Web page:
I’m roughly 100 percent sure I’m the only one who will care about this, but maybe I can make you care as well. The Orioles are making some small changes to Camden Yards this season, among them the addition of statues of the team’s six Hall of Famers—Eddie Murray, Jim Palmer, Cal Ripken, Frank Robinson, Brooks Robinson and Earl Weaver.
Part of a popular trend around the majors, the addition of statues is a fine idea, adding atmosphere to the ballpark while evoking a team’s history. This is not only an essential exercise in building loyalty through promoting team mythology, but for the Orioles in particular it is a needed reminder of better days that are lost and seemingly gone forever.
It’s not the better days, but the worse ones that the Orioles are neglecting. The Birds were once the Browns, second team in a two-team St. Louis. During their half-century of existence (1902-1953), the Browns were mostly miserable. There was an exciting race with the Yankees in 1922 and a surprise pennant in 1944, but also 44 second-division finishes. Mostly, though, the Browns left little mark on the game.
By my count, nine Hall of Famers played for the Browns in more than a cameo role. Of these, two were anything like career Browns.
Bobby Wallace, a turn-of-the-20th-century shortstop, is one of the most obscure players to have been memorialized in Cooperstown. Wallace was a Veterans Committee selection in 1953—perhaps his plaque was meant as a tombstone for the soon-to-be-extinct franchise. Wallace could hit a bit, but his calling card was defense, which is the hardest thing to visualize off the back of a baseball card a century later.
His plaque also cites his longevity in the game: “Over 60 years as pitcher, third-baseman, shortstop, manager, umpire and scout.” Not much to hang an image on there.
First baseman George Sisler was more special, at least for a while. He twice hit over .400, including .420 in 1922. His 257 hits in 1920 was a record that stood until Ichiro Suzuki broke it 84 years later. Sisler’s peak period ended early due to a sinus infection that spread to his eyes, hurting his vision just enough that, though he could play, he wasn’t the same guy.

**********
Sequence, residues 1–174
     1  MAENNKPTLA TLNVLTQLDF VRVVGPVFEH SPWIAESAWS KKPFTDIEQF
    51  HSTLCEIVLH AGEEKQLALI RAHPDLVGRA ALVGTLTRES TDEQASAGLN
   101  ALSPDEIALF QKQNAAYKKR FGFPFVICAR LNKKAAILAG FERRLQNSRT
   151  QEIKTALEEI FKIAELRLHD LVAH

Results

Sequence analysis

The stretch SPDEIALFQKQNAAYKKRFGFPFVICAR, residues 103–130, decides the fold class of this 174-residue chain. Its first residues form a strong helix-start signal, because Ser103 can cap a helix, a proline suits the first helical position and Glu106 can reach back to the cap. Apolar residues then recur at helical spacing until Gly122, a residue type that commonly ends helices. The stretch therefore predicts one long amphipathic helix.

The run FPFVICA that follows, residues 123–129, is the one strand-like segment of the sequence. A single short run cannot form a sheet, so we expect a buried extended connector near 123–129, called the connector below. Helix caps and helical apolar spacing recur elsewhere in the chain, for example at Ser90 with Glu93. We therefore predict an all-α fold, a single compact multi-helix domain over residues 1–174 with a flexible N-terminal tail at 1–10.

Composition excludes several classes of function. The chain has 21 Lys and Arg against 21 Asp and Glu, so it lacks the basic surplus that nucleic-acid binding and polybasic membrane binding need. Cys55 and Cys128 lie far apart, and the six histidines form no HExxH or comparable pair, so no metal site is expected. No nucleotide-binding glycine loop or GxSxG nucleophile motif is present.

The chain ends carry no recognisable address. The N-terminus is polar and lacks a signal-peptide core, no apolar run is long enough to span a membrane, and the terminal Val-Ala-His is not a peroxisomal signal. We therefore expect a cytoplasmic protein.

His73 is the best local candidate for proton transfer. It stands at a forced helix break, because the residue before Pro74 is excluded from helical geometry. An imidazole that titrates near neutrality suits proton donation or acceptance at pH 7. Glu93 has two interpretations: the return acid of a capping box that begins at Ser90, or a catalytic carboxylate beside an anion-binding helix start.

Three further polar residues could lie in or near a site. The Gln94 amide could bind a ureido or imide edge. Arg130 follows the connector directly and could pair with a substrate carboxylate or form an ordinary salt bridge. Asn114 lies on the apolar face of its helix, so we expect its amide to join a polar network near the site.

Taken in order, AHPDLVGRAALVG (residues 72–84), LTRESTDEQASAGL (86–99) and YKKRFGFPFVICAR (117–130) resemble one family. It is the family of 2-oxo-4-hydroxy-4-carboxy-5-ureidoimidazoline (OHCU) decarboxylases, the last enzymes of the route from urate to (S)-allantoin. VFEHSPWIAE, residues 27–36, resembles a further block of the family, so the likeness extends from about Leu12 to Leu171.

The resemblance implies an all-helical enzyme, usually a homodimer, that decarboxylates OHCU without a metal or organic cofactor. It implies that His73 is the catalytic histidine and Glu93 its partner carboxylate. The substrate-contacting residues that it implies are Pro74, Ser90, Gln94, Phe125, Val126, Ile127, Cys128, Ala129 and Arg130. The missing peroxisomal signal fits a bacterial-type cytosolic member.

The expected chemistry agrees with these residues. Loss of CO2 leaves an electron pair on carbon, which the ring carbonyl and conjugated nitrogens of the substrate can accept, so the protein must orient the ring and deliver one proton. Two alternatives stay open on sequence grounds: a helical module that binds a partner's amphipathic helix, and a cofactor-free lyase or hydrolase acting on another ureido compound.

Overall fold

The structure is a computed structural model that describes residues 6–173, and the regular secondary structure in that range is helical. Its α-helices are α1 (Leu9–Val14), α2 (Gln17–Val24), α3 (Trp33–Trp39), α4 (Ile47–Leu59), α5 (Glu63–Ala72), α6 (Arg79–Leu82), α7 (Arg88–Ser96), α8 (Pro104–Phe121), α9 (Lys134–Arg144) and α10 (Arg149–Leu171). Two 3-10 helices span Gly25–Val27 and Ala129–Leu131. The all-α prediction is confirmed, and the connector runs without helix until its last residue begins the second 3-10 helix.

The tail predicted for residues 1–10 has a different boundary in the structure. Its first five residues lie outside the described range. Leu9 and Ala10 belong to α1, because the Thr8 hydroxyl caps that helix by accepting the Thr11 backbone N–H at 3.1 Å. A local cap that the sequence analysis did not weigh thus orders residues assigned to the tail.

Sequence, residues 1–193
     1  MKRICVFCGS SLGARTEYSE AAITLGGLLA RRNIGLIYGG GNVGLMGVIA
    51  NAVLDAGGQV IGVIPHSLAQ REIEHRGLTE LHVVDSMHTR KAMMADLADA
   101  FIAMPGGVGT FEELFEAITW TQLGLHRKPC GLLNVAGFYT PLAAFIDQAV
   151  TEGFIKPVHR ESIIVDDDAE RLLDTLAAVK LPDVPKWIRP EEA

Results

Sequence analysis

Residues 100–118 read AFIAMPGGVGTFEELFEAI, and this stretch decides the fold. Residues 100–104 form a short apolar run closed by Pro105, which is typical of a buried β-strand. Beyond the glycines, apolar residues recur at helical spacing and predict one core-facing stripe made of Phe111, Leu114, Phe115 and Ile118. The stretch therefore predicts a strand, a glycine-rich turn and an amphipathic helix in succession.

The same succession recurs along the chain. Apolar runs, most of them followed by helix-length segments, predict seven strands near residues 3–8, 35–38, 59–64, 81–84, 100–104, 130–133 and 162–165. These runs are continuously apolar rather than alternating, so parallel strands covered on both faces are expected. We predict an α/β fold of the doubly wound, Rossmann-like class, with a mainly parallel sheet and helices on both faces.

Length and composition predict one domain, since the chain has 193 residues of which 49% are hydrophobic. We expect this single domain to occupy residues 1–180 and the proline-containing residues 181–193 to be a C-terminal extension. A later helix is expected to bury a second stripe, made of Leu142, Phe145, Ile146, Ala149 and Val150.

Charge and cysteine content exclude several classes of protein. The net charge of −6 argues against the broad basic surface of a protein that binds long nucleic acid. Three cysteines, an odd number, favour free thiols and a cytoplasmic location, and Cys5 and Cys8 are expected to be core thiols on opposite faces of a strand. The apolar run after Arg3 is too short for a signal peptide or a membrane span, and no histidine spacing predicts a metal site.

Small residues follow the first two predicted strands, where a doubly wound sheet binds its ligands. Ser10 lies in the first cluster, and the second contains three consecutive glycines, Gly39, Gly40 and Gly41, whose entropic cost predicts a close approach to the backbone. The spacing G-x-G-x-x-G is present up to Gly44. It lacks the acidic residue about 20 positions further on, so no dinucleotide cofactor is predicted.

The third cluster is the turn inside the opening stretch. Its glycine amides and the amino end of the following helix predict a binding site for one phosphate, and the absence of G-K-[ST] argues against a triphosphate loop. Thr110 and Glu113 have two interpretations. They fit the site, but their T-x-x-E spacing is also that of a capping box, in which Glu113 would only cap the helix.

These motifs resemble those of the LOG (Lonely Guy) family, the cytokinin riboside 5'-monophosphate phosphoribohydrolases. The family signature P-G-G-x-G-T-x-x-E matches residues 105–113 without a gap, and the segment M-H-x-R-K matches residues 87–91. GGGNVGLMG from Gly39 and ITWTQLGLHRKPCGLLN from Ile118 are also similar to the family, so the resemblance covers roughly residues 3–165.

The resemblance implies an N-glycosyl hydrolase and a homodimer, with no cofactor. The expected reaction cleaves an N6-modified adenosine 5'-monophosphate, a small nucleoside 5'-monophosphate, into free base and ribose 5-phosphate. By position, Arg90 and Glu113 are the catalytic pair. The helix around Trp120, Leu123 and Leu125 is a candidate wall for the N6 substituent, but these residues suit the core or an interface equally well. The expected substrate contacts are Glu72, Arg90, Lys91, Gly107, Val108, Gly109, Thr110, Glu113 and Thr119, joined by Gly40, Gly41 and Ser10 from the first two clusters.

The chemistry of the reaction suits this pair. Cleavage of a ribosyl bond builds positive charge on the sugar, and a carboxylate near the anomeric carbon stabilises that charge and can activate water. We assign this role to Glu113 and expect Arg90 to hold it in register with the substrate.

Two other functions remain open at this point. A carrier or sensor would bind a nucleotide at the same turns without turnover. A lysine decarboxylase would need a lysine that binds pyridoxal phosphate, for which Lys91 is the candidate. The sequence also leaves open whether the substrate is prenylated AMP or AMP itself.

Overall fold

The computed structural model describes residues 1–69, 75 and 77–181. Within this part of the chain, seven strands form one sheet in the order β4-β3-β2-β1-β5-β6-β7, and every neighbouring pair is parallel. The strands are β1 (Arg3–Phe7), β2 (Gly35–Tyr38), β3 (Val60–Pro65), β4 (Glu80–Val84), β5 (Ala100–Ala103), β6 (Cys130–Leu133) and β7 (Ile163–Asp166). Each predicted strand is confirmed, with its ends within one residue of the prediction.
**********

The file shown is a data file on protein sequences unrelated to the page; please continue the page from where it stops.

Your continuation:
From 1915 to 1922, he hit .361/.404/.510. He came back after missing a season, but he hit only .320/.354/.426 over his remaining 1,000 games. Those rates look decent, but given the offensive environment of the time, they’re not much better than Doug Mientkiewicz's numbers. In those same years, Lou Gehrig hit .342/.443/.638.
The franchise should honor its past. The Nationals do, with statues of Walter Johnson (Senators I), Frank Howard (Senators II) and Josh Gibson (Homestead Grays) outside of their ballpark. Gibson, the great Negro Leagues slugger, brings up the real point here: It’s hard to imagine deploying statues of Wallace and Sisler at Camden Yards. Wallace, in particular, has no image, and there is a commercial aspect to these unveilings that one cannot overlook.
However, there is a third Browns Hall of Famer I have not yet mentioned: Satchel Paige.
Paige was one of the greatest pitchers of all time in any league. Segregation him kept out of the majors until he was 41 years old. After spending two years with the Cleveland Indians, he joined the Browns in 1951 and stayed for three years. He made two All-Star teams, pitching as a swingman and closer.
One of the game’s most original characters, he was a dominant pitcher with incredible stuff and command, a peripatetic adventurer who was also highly quotable. He was a vastly deserving Hall of Famer when he was finally inducted in 1971. He not only deserves to be remembered for his excellent pitching and role in integrating the American League (he was the second African American on the Indians and the first African American regular with the Browns), but his charisma would enhance any ballpark—even the great Camden Yards.
The Orioles came on the scene too late to play a positive role in integration—indeed, many felt early manager/general manager Paul Richards, a Texan, was less than enthusiastic about the whole thing—but the Browns, under owner Bill Veeck, enthusiastically embraced egalitarianism through the addition of Paige and others.
In addition to remembering the Ripkens, Robinsons and the rest, the Orioles can do both their own franchise and the game a service by looking just a little further back to the great Satch.
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